2008 ended with a bang for digital media: growing audiences for streaming long-form video, several deals bringing ebooks to the iPhone, and rumors that Apple and the Big Three music labels were hashing out a deal to complete the removal of digital rights management (DRM) from the music on iTunes that begin with EMI.
That agreement was reached and on Tuesday at their final Macworld appearance Apple announced that the music offered on iTunes will soon be DRM-free. However, some commentators are criticizing the fees to consumers to unlock the DRM for music they already purchased (30 cents for individual songs and 30% for albums.) Despite the arrival of legal and unlocked music, the Electronic Frontier Foundation (EFF) points out that other digital media is still wrapped in DRM.
Convincing consumers to pay for these dubious upgrades as well as the continued presence of DRM elsewhere are signs that the transition from traditional to purely digital media, albeit rapid, will not be easy. Another sign of these growing pains is the sudden disappearance from Apple iTunes App Store of ebooks using ScrollMotion‘s Iceberg platform. Launched in December with bestselling books like “Twilight” and “The Golden Compass”, the response among consumers and bloggers varied from excitement to disappointment at the price and the “one app equals one ebook” lack of management that can leave your iPhone desktop cluttered. It is unclear why these ebooks no longer appear on the App Store; I emailed the company with a request for comment. With music, a variety of platforms came and went, sometimes taking the purchased music with them and forcing consumers to buy the same content again and again. In these early days of widening support for ebooks by the major book publishers similar trends may prevail.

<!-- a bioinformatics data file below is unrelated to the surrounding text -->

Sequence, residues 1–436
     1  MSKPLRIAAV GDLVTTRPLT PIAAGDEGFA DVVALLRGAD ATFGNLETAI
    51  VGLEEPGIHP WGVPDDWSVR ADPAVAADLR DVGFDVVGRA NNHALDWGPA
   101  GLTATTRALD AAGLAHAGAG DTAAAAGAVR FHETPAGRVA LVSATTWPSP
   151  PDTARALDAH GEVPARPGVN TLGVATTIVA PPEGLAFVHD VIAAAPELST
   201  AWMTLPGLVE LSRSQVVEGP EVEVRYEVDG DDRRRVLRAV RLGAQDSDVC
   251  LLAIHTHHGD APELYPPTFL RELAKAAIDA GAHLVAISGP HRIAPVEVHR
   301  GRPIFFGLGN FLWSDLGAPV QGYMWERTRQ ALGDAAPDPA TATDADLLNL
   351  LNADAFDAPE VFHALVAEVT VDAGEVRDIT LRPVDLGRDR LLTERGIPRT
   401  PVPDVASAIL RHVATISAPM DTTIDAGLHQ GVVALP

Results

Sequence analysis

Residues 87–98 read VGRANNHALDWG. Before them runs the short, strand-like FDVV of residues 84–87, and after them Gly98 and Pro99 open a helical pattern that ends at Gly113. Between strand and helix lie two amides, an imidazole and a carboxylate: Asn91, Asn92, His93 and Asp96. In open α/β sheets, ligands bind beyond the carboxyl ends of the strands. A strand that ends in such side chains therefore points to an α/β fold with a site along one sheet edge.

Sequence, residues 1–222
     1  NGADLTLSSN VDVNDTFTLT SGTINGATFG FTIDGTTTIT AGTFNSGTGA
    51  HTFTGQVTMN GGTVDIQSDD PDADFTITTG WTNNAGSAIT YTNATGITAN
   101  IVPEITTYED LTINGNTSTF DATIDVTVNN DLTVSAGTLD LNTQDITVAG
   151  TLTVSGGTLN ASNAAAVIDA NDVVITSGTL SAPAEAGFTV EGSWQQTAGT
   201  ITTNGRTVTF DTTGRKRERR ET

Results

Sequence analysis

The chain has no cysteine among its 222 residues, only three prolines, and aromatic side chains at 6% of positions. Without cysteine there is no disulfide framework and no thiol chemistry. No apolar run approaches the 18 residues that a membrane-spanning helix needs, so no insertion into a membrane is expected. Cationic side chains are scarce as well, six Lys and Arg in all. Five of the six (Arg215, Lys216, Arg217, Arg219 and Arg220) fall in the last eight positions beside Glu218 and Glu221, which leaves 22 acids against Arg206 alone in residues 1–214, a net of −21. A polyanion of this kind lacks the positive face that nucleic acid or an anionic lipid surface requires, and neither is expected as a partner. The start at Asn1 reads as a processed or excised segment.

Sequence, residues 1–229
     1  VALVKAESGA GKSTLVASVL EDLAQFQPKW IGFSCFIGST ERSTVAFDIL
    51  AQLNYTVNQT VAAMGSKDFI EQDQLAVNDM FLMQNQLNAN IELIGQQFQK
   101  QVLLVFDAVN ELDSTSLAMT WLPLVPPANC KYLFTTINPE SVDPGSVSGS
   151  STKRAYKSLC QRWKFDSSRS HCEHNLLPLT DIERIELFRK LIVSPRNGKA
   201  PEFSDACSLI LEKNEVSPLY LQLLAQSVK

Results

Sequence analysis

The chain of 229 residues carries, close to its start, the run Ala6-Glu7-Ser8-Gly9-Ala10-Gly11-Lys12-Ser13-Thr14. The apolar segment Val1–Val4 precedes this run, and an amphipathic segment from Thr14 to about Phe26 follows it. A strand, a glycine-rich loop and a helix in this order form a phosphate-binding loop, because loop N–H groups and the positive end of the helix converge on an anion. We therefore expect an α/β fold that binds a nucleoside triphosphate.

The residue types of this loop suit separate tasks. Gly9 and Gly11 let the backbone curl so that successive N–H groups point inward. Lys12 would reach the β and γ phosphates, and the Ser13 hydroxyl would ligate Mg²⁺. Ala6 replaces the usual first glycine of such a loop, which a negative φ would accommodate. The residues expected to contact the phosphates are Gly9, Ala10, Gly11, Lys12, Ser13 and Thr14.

More digital media content across multiplying platforms combined with the ongoing formation of consumer preferences will continue to result in both exciting developments and disappointing frictions. As yet another example, online video viewing grew 34 percent between November 2007 and November 2008 according to comScore, but the movie and television digital download industry has yet to settle on a standard format that would work across devices from various vendors.
Consumers are flocking to the net for their media consumption. Eventually the standardization of formats, the dropping of DRM, and the ascent of online digital media retailers to become the top sellers of content will follow from music to video, games, books, and all other media. Until then, or until all media and all devices are tied into some future iteration of the Cloud that abstracts formats away from consumer awareness, these growing pains will continue.